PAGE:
For some people somewhere, summer surely lives up to its promise as a tranquil time. As they lie on a sandbar feeling their stress ebb with the tide, their weightiest thoughts are of sunburn, the need to get limes for the Coronas and how many pounds of lobster to buy for dinner.
For everyone else, summer arrives with an undercurrent of frustration. Every year, it seems life in summer ought to be slower, and every year, it's not.
Blame nostalgia for childhood summers, and all the songwriters selling the idea that the living should be easy as the temperature rises. The stock market and Congress bolster the myth -- Congress with its long vacations, and the stock market with lighter trading. The news business has less to cover, so the volume usually drops on its endless squawking.
Look for signs of "summer doldrums" elsewhere and you won't come up with much. By June, the labor market is hopping: There are typically 3 million more Americans working than there were four months earlier. In the average office, more people are on vacation, sure, but that leaves everyone else to pick up the slack. And even those who get away for a week -- two might be pushing it -- keep checking in on their cellphones.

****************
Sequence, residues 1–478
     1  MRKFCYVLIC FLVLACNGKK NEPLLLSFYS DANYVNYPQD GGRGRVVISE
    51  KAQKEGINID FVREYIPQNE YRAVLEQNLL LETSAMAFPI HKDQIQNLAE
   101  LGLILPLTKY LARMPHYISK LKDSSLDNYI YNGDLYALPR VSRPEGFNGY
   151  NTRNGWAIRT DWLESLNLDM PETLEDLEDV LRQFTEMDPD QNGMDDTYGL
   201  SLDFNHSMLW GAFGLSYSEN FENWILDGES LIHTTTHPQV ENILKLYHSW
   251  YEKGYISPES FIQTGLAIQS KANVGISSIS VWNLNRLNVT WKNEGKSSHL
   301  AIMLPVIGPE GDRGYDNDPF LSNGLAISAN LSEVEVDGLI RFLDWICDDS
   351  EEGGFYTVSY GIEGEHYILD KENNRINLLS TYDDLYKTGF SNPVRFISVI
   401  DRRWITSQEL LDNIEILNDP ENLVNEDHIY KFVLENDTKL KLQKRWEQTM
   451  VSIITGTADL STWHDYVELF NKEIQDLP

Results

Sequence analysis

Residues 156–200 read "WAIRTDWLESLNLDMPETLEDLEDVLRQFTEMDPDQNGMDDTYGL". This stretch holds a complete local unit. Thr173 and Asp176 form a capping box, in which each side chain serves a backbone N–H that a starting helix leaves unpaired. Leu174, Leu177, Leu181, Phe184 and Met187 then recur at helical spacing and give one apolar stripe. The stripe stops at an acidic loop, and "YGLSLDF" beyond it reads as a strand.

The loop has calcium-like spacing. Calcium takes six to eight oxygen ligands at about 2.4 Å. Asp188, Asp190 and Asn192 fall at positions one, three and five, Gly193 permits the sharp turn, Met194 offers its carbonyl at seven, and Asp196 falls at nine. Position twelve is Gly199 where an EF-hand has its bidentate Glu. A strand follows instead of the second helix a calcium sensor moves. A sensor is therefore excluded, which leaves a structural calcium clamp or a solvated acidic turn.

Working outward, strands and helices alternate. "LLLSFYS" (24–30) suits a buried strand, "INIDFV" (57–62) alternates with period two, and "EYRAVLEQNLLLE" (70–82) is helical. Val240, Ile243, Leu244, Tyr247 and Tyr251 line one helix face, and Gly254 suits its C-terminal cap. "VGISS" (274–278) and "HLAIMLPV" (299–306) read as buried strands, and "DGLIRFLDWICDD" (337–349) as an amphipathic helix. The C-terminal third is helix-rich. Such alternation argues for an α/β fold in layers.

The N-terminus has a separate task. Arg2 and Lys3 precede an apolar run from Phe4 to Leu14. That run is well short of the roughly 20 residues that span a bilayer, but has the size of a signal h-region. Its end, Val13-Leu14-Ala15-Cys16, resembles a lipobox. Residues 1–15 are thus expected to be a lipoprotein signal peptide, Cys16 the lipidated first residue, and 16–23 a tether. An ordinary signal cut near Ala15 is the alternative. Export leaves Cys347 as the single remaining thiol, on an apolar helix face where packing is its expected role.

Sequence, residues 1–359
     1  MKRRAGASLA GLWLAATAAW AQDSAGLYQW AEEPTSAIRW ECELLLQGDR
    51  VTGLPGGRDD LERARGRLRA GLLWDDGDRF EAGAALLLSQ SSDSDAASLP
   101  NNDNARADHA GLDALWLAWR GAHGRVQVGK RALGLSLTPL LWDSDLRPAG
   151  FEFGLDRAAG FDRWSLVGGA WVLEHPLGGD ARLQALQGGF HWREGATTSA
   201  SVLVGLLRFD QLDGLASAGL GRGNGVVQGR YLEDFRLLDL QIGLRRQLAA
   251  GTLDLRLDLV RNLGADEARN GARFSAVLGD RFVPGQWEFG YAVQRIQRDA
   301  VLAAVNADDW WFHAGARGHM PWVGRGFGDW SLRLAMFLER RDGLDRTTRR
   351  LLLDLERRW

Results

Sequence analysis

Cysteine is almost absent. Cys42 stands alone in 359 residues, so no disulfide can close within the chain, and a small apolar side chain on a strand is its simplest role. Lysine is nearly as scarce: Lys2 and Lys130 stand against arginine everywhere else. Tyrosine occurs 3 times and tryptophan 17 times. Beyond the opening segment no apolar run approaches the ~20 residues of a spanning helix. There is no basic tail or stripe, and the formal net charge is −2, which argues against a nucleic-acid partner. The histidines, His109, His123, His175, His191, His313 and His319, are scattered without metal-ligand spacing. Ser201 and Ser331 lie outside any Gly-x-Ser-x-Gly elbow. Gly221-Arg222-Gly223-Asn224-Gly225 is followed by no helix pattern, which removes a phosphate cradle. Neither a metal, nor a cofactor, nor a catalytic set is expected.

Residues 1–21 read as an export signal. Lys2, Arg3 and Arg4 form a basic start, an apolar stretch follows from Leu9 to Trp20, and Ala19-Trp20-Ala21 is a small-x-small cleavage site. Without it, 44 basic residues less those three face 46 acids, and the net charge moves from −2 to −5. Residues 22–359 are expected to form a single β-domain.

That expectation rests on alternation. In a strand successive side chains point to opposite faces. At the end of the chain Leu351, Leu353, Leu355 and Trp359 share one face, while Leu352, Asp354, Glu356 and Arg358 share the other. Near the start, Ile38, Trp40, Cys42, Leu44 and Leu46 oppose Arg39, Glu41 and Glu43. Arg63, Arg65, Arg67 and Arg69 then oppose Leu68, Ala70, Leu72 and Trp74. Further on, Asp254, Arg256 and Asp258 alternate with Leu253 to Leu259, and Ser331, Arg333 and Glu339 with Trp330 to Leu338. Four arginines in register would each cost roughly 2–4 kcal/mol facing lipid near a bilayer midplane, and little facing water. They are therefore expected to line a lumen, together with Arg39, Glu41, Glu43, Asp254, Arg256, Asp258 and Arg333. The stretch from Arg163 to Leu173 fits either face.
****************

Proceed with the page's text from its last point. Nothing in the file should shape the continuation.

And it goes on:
The economy keeps humming all summer. U.S. gross domestic product shrinks by about 3% every winter, when grocery shoppers and construction workers stay inside. By summer, home sales almost double and auto sales jump 40%. Farmers start bringing in crops and the nation's ports are full of an extra $20 billion to $40 billion a month in merchandise.
Americans don't slow down in the free time they do find in the summer, either. Loss of virginity is particularly likely during the summer, one study found. Another noticed how searches for sex- and dating-related terms spike in June and July. (There's another spike in December and January.) Underage drinking peaks in July. And with more people on the roads, summer brings seven of the year's 10 deadliest driving days.
Even though markets are usually quiet in the summer, the stock market has a history of surprising investors. Stocks' most recent summer freak-out was in 2011. At one point in August, the S&P; 500 was down almost 15% for the month. Investors saw similar losses in the summers of 1998, 2001, 2002 and 2008. With less trading comes lower returns: A study of 51 stock markets found monthly returns about 1% lower during the summer than in the rest of the year.
Many people's summers mirror the stock market: Even when activity does slow down, the results are disappointing. Instead of relaxing into a summer break, parents feel pressure to give their kids “memorable experiences,” says Paul Fitzgerald, a clinical psychologist and professor at the Adler School of Professional Psychology. They end up frazzled by any incidents that don't fit the plan, from broken arms to bad weather.
They'd be better off remembering that the root of the word vacation is “vacate,” he says. “It's a time to get out of your life as it usually is.” That includes lowering expectations for what summer ought to be -- and enjoying any peace and quiet that happen to come along.